The 7 megawatt-hour FLXdrive will take between 4 and 5 hours to fully charge at a power station, compared to just 15 to 30 minutes to refuel a conventional diesel locomotive. By 2025, Wabtec wants to add moving charge capabilities using a pantograph and catenary. Wabtec and railroads aim to determine the right combination of train speed and charging speed to limit the length of catenary, which costs $1 million per mile per track.
“You’re going to want to balance how fast you’re moving with how quickly it can charge,” Trombley said in an interview. Potential locations for charging catenary might be at the base of a long grade or at sites where unit trains are loaded.
Trombley would not disclose the anticipated price difference between a FLXdrive locomotive and a Tier 4 unit, but says the overall economics are good on hilly routes that take advantage of a hybrid consist’s ability to recharge the FLXdrive battery by capturing dynamic braking energy when rolling downgrade. “I think it’s compelling,” she says of the operational cost savings.
Hydrogen can power locomotives two ways: Burned in an internal combustion engine or used in a fuel cell battery-electric locomotive.
Hydrogen can be viewed as a bridge fuel that moves the industry toward zero emissions, Trombley says. The alternative fuel discussion is as much a supply-chain discussion as it is a lower-emission story. Can suppliers make enough hydrogen, biofuel, and renewable diesel — and what is the carbon footprint of those manufacturing processes?
Wabtec is in touch with CP about its hydrogen fuel cell locomotive project. Trombley applauds CP’s efforts and says the Calgary-based railway is well-positioned to partner with Alberta, which is working to develop locally produced hydrogen.
G&W’s Buffalo & Pittsburgh, the 728-mile regional, will serve as a testbed for Wabtec’s new locomotives. “Their diversity of operations makes them well suited as a partner,” Trombley says.
Going green in yards
Wabtec aims to develop battery-electric locomotives for yards, as well as automation technology to make yards safer and more efficient.
It’s easier to deploy new locomotive technology in yards, where the fleet is in captive service and does not range far from home. The environmental benefits are big because yard power tends to be the oldest and worst emitters in the fleet, Trombley says.
Converting yards to battery-electric will improve local air quality and reduce noise by 70%, boosting the quality of life in communities that surround yards. But because of lower fuel savings, the economic payback of converting yards is lacking and likely will require government grants.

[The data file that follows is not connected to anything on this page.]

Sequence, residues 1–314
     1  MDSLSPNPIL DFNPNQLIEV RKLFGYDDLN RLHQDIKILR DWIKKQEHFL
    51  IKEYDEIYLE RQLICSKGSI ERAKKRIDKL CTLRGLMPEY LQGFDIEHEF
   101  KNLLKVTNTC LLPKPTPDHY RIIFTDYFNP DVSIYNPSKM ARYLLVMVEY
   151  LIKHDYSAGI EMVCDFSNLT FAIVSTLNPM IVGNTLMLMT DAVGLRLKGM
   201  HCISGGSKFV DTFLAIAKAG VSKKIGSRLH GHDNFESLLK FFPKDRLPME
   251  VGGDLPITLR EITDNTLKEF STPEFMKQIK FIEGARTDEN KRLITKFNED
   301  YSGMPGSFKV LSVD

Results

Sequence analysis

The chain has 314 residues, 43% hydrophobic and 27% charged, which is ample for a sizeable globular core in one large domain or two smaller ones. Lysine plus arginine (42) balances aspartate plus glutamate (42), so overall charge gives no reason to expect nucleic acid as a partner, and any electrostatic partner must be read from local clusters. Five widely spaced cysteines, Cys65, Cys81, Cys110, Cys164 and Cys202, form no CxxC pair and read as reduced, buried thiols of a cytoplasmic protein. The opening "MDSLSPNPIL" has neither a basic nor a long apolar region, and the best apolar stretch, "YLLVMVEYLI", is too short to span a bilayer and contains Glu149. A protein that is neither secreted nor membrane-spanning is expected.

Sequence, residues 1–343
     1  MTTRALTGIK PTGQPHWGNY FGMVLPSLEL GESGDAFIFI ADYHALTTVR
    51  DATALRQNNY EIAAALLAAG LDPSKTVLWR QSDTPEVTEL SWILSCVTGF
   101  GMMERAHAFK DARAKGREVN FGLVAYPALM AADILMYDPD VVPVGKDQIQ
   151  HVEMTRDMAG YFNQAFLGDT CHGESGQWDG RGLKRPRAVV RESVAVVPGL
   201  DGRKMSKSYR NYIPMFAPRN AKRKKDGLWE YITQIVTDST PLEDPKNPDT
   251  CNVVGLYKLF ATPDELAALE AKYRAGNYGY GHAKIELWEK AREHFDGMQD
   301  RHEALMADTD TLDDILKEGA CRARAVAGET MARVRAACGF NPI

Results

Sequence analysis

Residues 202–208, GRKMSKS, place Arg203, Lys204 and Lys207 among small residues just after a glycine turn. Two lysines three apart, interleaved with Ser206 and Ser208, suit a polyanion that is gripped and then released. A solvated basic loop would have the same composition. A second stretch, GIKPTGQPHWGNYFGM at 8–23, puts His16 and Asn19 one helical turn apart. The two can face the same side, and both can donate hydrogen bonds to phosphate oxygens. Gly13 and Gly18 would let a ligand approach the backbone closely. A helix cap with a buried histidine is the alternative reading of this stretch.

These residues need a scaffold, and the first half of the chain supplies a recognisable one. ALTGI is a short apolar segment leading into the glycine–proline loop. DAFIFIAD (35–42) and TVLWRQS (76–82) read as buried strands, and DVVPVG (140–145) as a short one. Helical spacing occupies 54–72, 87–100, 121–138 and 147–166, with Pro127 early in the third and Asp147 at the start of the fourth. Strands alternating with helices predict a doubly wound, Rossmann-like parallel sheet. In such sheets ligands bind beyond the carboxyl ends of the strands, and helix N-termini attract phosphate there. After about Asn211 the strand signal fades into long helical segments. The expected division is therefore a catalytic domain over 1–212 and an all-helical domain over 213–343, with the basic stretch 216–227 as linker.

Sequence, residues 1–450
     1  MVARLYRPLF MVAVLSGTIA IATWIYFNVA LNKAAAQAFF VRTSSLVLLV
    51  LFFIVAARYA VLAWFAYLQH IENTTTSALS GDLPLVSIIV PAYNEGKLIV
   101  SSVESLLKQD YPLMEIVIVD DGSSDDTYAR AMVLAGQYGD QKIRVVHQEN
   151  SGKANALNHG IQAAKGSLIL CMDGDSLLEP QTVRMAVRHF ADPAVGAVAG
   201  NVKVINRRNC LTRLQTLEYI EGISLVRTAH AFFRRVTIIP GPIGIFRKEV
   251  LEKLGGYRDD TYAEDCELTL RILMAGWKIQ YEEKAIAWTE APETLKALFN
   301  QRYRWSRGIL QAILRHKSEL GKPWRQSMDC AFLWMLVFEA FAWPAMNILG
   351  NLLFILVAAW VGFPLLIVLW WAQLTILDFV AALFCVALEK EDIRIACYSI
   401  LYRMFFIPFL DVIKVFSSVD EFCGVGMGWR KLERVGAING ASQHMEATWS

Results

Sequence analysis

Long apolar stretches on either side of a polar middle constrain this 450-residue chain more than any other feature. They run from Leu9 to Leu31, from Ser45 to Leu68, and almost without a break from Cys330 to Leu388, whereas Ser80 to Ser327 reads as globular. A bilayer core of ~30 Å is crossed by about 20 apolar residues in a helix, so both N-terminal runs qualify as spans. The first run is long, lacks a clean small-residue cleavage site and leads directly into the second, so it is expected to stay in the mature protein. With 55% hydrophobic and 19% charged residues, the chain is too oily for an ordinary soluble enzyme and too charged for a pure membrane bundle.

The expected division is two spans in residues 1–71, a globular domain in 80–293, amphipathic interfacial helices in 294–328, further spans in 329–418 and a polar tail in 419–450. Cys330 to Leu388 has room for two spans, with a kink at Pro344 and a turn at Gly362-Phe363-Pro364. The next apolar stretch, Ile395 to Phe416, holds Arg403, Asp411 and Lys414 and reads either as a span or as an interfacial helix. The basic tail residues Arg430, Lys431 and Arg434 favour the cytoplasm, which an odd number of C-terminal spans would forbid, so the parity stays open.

RailTrends is sponsored by independent analyst Anthony B. Hatch and industry trade publication Progressive Railroading.
— Updated at 6:45 p.m. CDT to correct observation on NS DC-to-AC program to note a smaller roster with no decrease in tractive effort.
13 thoughts on “Wabtec’s moonshot: Zero-emissions locomotives”
Same old delusional thinking…
1. Use batteries!
Reminds me of a friend who brags about his Tesla being pollution free..except it’s charged off the grid! His electric car actually burns fossil fuels…an inconvenient fact.
There is also the problem with known reserves of lithium being nowhere near adequate to convert the world’s transportation to electric battery power.
2. Use hydrogen fuel cells!
Unburned hydrogen on Earth exists in small quantities deep underground mixed with natural gas, etc. Like helium gas, it floats to the upper atmosphere and escapes out into space. On Earth, there exists large amounts of hydrogen bonded to oxygen. This interesting molecule is, of course, water. Since water is hydrogen that is already burned, it is necessary to break that chemical bond to free the hydrogen and oxygen components. That of course, take more energy than it releases.
Electrical motors are the ideal components of transportation. They provide maximum torque during stalled shaft and self regulate to minimum torque upon overcoming at rest inertia. The problem is where do you get large amounts of portable electrical energy. Batteries do not store electricity, they store chemicals that produce electricity.
By spending stunning amounts of vapor money and fairy dust, you can wire up every linear foot of every rail in the country. Ignore for the moment the amount of energy and resources necessary and the environmental impact for such a project. Further ignore for the moment the huge burden of maintenance and the extremely large distribution losses. Where will the trillions of Watts of electrical energy come from?
Highly reliable EE in huge amounts come from fossil, hydro and nuclear. Not so reliable and much, much lower amounts come from wind and solar. As an electrical engineer, I have dealt with providing electrical power to remote areas. Political platitudes and fuzzy corporate proclamations don’t cut it out in the field.
This has interesting potential. Imagine rail stealing back 50% of long and medium-distance truck trucks–seems a dream, but would be great. Let’s hope development and production stay in Erie using union labor and not in a right-to-work-for-less state.
In 2020, Solutionary Rail submitted this Moonshot Modeshift paper to the Select Committee on the Climate. (available at http://SolutionaryRail.org/msms )